A natural starting point for statistical inference is often the assumptions of exchangeability of random quantities. To put it simply for real-valued random quantities: if one has n exchangeable random quantities, they are all equally likely to be the smallest, second smallest, etc. So, for one such a random quantity, the probability of its rank among all these random quantities is uniformly distributed over the values 1 to \(n\) (assuming no ties for simplicity). Bruce Hill (1968; JASA 63, 677-691) introduced an assumption, called \(A_{(n)}\), where this exchangeability property is actually used directly for prediction of one (or more) future values, on the basis of \(n\) observations. He later discussed this in much more detail, and summarized his findings as:

Let me conclude by observing that \(A_{(n)}\) is supported by all of the serious approaches to statistical inference. It is Bayesian, fiducial, and even a confidence/tolerance procedure. It is simple, coherent, and plausible. It can even be argued, I believe, that \(A_{(n)}\) constitutes the fundamental solution to the problem of induction.

Nevertheless, \(A_{(n)}\) has not received much attention in the statistical literature. A logical reason is that it only assigns equal probabilities for the next observation to belong to each of the \(n+1\) intervals created by the previous n observations, so very few inferences can be based on this without requiring additional assumptions!? Well, this is indeed so if one uses only precise probabilities, where every event \(A\) of interest is assumed to occur with a single-valued probability \(P(A)\). However, there is no need to quantify uncertainty via only a single number, and indeed there are many arguments to use an interval-valued probability instead, so \([L(A),U(A)]\), for which a variety of interpretations are available, all generalizing possible interpretations of \(P(A)\). A convenient interpretation of these lower and upper probabilities, \(L(A)\) and \(U(A)\), is as the optimal bounds for \(P(A)\) that can be deduced from the available information. Such interval-valued probabilities have been around since the middle of the 19th century, and have received increasing attention since the early 90s, under different names including *imprecise probability* (Walley) and *interval probability* (Weichselberger). Clearly, within such a concept of interval-valued probability, one can base statistical inference on Hillâ€™s \(A_{(n)}\) only, so without requiring further assumptions.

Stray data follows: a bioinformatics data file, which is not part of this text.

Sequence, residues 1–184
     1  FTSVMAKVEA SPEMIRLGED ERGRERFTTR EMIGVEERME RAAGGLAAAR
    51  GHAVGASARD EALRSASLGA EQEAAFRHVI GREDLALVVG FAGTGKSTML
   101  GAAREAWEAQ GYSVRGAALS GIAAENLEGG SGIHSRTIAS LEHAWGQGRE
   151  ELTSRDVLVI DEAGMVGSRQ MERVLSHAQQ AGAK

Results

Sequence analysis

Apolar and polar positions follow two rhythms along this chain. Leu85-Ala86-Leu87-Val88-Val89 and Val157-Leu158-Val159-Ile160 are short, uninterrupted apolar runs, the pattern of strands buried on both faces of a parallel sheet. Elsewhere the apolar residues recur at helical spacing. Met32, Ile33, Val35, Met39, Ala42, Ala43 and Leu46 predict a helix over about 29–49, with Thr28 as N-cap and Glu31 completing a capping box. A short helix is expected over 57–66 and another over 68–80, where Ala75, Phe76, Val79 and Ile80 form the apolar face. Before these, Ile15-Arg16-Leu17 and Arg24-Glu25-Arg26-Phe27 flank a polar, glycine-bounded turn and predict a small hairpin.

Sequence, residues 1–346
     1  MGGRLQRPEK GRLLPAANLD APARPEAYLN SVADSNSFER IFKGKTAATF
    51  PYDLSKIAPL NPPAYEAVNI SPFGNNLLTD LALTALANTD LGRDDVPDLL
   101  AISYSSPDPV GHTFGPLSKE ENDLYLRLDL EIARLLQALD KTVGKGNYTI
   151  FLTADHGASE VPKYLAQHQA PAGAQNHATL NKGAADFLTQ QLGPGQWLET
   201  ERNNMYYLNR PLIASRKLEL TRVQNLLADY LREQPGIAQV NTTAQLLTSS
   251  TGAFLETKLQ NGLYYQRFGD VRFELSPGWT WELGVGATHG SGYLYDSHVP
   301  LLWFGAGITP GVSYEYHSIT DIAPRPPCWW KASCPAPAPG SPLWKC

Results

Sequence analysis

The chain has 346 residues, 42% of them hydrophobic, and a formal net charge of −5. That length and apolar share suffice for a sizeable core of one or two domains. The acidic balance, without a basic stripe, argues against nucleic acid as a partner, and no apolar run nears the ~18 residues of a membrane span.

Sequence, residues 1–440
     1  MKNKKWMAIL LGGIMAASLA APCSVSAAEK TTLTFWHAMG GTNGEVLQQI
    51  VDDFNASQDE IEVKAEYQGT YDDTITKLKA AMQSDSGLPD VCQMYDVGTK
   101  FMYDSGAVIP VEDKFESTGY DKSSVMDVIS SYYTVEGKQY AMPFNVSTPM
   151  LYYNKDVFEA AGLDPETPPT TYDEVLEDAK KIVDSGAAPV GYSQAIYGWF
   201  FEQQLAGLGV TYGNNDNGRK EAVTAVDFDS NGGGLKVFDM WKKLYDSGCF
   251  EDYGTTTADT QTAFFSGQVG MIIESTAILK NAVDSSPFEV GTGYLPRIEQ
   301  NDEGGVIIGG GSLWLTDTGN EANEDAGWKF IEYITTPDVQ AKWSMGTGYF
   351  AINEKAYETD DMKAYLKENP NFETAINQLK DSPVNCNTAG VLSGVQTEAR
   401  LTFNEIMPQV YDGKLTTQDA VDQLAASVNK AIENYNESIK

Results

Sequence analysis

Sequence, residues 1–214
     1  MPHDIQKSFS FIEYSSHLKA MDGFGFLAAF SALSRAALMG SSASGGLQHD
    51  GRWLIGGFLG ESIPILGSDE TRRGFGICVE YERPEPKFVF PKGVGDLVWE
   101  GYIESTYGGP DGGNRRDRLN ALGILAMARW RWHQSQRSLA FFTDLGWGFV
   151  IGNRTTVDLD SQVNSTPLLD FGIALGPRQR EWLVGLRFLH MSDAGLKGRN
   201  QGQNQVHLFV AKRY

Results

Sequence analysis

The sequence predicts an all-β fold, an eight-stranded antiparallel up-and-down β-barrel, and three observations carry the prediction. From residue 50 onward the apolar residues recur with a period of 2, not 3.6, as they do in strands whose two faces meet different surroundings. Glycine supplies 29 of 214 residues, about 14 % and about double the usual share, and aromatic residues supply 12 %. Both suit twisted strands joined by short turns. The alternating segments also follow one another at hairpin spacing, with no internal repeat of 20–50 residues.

Inspired by the need to develop statistical methods that rely on few (modelling) assumptions, we have been developing \(A_{(n)}\)-based inferences, mostly using interval probability, since the mid 90s, in collaboration with a number of colleagues and students, both at Durham and further afield. We have worked on general statistical inferences, on problems in reliability, and on problems in operational research, the latter leading to OR policies which are explicitly adaptive to available data, so deleting the often made assumption of fully known probability distributions. As such inferential methods are both nonparametric and predictive, that is directly in terms of one or more future observables, we like to refer to this approach as *NONPARAMETRIC PREDICTIVE INFERENCE*. One exciting aspect of this approach is that the amount of information available in the data is directly related to the differences between corresponding upper and lower probability, providing a whole new dimension to uncertainty quantification when compared to statistical methods which use only precise probabilities, such as standard Bayesian and frequentist methods including most commonly used nonparametric methods.

Recent contribution to International Encyclopedia of Statistical Sciences (Springer) about NPI is here.